If you’re looking for information on how to make your restaurant keto-friendly, you’ve come to the right place. Whether you own a catering service, fast-casual restaurant, pizza shop, bakery, food truck, hotel, or fine dining establishment, the popularity of ketogenic diets is soaring – and so is demand for menus that cater to the keto community.
Read on and help promote your business by learning all you can about keto-friendly foods and beverages, what is allowed and not allowed on the meal plan, and what menu choices will serve the needs of your keto customers.
The fact is that for most people, keto is more than just a diet; it is a lifestyle. And given the limited number of appropriate eating-out accommodations currently available, your restaurant can become the service they rely on, which will have a positive impact on your brand reputation and hopefully pave the way for a loyal, returning customer base. Moreover, since the majority of today’s diners do their food research online, you can further cash in on this opportunity by posting keto-friendly tips and menu selections on your website or Facebook page.
Special Diets Flood the Food Industry
If you work in foodservice, you are already well aware of the sea of special diets that have flooded the food-and-beverage industry, requiring restaurant owners to step up to the plate and deliver the goods for all their customers. From gluten-free to dairy-free, from nut- and allergy-free to wheat-free and soy-free, from plant-based to non-GMO, from keto to paleo, and from vegetarian to vegan, the list of special diets goes on and on. Savvy food industry pros are doing their homework, learning all about the various dietary restrictions, how to replace taboo ingredients with acceptable alternatives, and more. If you want to keep up with the times and stay ahead of the competition, it’s critical that you know what to do – and more importantly, what to serve.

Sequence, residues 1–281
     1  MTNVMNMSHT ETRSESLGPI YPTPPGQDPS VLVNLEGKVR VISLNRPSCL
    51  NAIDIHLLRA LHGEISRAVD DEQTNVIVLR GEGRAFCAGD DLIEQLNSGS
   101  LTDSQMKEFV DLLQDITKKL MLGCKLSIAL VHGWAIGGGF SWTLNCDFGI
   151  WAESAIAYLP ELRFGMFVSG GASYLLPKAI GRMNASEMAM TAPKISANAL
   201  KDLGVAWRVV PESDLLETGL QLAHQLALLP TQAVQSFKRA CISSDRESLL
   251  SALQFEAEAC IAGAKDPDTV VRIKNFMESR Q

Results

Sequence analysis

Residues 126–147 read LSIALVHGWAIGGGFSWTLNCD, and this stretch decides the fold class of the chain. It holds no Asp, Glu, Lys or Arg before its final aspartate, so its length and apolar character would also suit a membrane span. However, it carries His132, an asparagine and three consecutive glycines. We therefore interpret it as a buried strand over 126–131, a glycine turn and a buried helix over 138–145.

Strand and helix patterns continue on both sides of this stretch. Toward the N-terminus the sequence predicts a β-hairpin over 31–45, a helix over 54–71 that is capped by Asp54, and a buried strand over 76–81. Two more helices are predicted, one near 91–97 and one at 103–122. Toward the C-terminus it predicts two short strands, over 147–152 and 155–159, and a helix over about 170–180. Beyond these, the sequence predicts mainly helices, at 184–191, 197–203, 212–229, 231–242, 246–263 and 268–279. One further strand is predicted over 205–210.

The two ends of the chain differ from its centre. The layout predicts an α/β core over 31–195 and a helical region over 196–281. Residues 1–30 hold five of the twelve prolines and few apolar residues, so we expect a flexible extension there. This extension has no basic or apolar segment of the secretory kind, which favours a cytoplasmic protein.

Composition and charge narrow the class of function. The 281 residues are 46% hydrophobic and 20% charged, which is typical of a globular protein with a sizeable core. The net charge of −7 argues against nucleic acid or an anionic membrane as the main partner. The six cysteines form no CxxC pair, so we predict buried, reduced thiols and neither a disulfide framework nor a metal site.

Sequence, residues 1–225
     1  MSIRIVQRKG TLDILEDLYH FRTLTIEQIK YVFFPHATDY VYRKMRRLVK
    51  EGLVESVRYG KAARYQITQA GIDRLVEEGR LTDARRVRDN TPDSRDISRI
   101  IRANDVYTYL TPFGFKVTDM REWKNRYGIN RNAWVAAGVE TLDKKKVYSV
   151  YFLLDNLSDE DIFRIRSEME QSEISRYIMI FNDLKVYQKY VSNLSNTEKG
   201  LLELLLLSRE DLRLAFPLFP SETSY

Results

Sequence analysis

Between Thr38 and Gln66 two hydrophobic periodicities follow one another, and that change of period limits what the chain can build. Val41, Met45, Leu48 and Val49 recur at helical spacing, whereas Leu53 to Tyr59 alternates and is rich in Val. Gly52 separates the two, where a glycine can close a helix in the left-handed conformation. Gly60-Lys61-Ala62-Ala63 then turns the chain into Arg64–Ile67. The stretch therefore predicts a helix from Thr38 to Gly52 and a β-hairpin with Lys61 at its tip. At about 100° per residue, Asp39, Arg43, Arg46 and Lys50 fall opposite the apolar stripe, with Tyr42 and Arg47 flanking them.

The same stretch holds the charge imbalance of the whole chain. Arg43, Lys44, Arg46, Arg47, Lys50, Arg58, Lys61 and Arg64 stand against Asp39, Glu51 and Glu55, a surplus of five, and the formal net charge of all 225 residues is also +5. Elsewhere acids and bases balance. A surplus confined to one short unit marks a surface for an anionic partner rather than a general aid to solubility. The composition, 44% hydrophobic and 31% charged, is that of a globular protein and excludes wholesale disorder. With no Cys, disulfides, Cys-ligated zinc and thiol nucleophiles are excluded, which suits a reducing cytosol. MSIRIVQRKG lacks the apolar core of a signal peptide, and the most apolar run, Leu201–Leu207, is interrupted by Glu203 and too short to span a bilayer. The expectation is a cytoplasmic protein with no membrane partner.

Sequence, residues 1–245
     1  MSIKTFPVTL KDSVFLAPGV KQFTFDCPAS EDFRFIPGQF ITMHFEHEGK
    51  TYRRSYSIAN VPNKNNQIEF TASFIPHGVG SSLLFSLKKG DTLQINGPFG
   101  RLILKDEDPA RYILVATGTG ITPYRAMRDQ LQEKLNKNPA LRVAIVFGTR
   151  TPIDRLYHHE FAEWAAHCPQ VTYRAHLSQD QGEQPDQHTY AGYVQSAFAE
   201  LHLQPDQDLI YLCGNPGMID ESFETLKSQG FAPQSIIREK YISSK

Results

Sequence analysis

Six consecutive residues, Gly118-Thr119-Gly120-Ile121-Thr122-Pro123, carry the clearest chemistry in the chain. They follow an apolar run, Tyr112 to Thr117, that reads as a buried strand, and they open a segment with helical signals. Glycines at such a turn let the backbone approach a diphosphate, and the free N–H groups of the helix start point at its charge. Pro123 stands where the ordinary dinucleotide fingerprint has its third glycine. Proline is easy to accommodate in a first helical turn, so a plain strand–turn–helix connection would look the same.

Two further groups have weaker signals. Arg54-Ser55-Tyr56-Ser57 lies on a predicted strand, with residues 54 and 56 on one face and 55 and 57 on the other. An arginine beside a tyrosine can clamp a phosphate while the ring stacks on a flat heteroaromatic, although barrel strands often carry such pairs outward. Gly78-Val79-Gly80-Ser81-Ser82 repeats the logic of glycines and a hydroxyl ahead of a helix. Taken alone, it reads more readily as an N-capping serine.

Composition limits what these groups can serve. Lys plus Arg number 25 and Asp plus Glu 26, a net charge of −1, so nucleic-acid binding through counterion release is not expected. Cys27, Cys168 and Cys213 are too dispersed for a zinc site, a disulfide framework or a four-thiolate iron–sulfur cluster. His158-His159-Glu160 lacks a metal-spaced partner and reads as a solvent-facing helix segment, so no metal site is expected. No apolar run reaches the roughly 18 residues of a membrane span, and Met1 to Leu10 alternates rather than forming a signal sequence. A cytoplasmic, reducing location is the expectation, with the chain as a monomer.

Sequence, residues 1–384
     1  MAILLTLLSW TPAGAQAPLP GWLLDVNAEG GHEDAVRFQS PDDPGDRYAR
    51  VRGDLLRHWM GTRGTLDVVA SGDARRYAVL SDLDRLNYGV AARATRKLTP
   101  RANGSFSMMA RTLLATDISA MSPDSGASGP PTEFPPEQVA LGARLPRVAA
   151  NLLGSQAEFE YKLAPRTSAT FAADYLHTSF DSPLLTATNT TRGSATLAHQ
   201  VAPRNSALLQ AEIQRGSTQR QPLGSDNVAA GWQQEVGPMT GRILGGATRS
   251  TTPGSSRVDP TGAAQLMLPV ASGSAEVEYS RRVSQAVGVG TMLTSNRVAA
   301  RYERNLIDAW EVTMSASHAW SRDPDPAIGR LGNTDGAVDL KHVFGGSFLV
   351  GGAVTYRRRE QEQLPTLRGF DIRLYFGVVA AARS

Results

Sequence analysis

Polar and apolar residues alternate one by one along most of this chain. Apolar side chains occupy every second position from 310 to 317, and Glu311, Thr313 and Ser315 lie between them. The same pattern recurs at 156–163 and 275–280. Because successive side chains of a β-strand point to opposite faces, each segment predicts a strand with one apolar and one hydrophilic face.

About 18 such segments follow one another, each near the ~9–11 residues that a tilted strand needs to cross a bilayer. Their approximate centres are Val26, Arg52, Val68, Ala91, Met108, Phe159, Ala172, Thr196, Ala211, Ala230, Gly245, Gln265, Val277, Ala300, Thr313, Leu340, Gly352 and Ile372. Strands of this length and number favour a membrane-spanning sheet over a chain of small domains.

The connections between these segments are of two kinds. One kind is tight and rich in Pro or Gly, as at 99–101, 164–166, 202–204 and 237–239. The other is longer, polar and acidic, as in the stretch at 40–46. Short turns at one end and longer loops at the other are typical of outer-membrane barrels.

U.S. Restaurants Rise to the Keto Challenge
If you are new to ketogenic diets, you are not alone. The good news is that creating a keto menu is quite easy and won’t cost much since you can continue to use many of your familiar ingredients and serve many of your chef’s favorite dishes. The key to understanding keto diets is in the restrictions, for at its core, the ketogenic diet is an extremely low-carb, high-fat diet. In the words of New York bistro owner Marcus Guiliano: “We have a lot of Keto guests that come in. The main key is to make sure your chef and kitchen staff understand the main guidelines. Of course, the big one is the carb restriction.” The restaurant has also replaced restricted Omega 6 oils with quality olive and coconut oils.
If you are hungry for a taste of what some other U.S. eateries are dishing out, do some research on the menu options being offered by businesses such as Green Chef, Plated, and HelloFresh. There are even some niche restaurants that cater specifically to the keto community – these include the L.A.-, Seattle-, and Santa Monica-based Bulletproof Coffee Cafe, as well as Sioux Falls Boss’ Pizza & Chicken, where customers can order low-carb salads, cauliflower breadsticks, and cauliflower crust pizza.
Ketogenic Diet Guide for Foodservice Professionals